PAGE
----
As we say goodbye to 2016, here’s a round-up of its 3D printed best bits and a look at what I would like to see in 2017 as well as what I’d really like not to see (3D printed meat).
ULTEM used to 3D print a drone with embedded electronics.
Perhaps my favourite story of 2016; University researchers in Singapore managed to 3D print a drone with embedded electronics. The researchers at Nanyang Technological University (NTU) used Stratasys’ 3D printers and the advanced ULTEM 9085 material in order to print the quadcopter. Phillip Keane was the man who produced the device as part of the Singapore Center for 3D Printing (SC3DP) at NTU.
ULTEM is a material used in the aerospace industry due to its strength and lightweight nature and means the drone can support up to 60kg of weight. In order to create the drone electronics were modified to withstand high temperatures.
Electronics were modified in order to withstand high temperatures and then placed inside the print at different stages of the fabrication process. Temperatures during the print needed to be a minimum of 160°C for the advanced resin. Only the motor and propellers needed to be fitted following the 14 hour print with just three pauses required to embed electronics.
Laika and stop motion
Another interesting story involved Laika studios releasing their stop-motion masterpiece Kubo and the Two Strings this year and it was revealed that they used 3D printing in order to create millions of possibilities. The figure of Kubo used in the film had 11,007 unique mouth positions, 4,429 brow motions and a total of 23,187 different faces. This combined to make 48 million different possible expressions.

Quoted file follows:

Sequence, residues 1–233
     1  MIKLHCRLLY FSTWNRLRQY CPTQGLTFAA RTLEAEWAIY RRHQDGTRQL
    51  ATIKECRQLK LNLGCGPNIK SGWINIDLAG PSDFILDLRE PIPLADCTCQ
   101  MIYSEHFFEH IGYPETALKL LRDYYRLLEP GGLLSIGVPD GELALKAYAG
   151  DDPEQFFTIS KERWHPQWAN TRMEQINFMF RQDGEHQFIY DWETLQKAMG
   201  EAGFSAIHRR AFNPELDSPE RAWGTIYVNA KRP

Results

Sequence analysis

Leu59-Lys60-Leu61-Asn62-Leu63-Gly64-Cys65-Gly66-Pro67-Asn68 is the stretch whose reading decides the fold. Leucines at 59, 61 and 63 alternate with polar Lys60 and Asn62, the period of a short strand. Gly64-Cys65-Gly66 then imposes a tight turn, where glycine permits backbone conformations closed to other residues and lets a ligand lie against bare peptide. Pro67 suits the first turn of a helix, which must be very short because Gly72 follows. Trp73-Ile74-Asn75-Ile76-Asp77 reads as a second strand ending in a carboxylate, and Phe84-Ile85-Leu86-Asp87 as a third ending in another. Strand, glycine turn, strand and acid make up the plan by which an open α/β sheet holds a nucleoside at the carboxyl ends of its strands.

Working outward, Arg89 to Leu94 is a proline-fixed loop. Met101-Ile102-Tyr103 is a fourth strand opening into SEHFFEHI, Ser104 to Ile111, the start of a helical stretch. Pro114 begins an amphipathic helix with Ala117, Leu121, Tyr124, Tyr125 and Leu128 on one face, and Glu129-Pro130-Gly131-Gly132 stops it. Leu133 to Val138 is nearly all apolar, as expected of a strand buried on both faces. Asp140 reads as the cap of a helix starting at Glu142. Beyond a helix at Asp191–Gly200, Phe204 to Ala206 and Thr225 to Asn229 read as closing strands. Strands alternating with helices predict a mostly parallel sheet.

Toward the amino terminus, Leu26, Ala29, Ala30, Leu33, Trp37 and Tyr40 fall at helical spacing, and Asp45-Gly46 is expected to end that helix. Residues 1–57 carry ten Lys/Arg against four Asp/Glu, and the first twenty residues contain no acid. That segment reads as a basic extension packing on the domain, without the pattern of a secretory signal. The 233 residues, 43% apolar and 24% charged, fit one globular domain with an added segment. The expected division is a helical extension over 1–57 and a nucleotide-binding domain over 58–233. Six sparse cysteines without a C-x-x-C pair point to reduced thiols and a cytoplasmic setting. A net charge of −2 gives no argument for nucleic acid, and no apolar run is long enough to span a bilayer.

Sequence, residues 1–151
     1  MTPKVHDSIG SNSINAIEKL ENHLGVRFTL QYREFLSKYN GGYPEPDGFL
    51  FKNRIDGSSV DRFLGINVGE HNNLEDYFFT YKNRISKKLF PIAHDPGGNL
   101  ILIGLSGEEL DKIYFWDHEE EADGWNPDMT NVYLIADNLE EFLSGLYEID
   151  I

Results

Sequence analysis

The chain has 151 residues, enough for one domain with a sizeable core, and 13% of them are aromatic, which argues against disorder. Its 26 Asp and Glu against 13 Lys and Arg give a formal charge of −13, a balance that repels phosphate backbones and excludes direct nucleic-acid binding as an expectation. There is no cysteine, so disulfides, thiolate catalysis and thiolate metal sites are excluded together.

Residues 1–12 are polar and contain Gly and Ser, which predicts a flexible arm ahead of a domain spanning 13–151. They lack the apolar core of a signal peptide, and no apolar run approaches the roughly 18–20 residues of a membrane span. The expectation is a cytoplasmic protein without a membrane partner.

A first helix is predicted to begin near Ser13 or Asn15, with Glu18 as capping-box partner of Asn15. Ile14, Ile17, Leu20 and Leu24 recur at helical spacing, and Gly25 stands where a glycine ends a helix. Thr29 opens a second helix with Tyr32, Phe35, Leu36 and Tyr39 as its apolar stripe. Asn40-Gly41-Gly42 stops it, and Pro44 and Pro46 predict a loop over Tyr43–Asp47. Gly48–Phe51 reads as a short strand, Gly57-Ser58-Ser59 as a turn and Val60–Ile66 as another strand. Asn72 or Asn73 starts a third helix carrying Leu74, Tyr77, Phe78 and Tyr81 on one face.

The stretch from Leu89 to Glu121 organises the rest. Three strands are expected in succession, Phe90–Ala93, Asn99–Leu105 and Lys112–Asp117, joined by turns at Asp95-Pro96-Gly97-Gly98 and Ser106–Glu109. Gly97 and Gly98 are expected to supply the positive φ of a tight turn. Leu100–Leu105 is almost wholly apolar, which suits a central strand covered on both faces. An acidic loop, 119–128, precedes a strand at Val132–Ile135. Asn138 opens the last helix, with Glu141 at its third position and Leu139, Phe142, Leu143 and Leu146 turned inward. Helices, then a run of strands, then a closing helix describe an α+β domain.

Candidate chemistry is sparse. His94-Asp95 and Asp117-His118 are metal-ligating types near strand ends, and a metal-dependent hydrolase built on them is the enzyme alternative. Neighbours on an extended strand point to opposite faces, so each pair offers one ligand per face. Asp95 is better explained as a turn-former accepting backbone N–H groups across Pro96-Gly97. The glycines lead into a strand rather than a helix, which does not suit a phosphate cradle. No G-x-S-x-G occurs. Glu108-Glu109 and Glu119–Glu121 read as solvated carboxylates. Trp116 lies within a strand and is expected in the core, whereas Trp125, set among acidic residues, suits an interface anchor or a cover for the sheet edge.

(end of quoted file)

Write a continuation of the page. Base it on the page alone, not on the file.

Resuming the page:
This was a really good use of 3D printing, and one that other studios are looking into as well such as the Sainsbury’s Christmas advert that also used stop-motion. This kind of creativity is something I hope to see more of in 2017.
3D printing at the LA Auto show – Divergent 3D
In November, LA hosted its annual auto show which showcased latest innovations in car automotive technology. The latest leap forward with 3D printing involved an updated version of the Divergent Blade, the 3D printed super car. The show also featured Jaguar, who have themselves introduced 3D technology into their manufacturing process. In order to recreate the classic Jaguar XKSS model they used 3D scanning to create 3D models.
The fully functioning Divergent 3D can be considered a super car in more ways than one, it can reach 60 miles per hour in just 2.2 seconds and has 700 horsepower contained in it’s 3.0 liter V8 engine. So, moving into 2017, perhaps more 3D printed supercars.
What I’m looking forward to seeing in 2017
In 2017, I am looking forward to the progress of the Bloodhound SSC as it is a crucial year for the project with initial testing being made in July before they head to test on the South African location at the end of the year. Also, the ‘Factory of the Future‘ being lauded by Concept Laser is something I am also looking forward to see progress with efforts to include automation into factories.
What I don’t want to see in 2017
It was reported this year that Australia’s Meat and Livestock Australia (MLA) have picked up on the idea of 3D printing food and are planning to 3D print red meat in an effort to: reduce waste, increase value of off-cuts, and reduce processing costs. Involving the off-cuts of beef, this is something I’d rather not see in 2017. (Ed’s note: well that limits where I can take you out for lunch next year!)
These were my favourite stories of 2016, vote for your favorites in the Annual 3D Printing Industry Awards here.
Featured image of Divergent Blade’s 3D printed chassis. Image credit: C.C. Weiss/New Atlas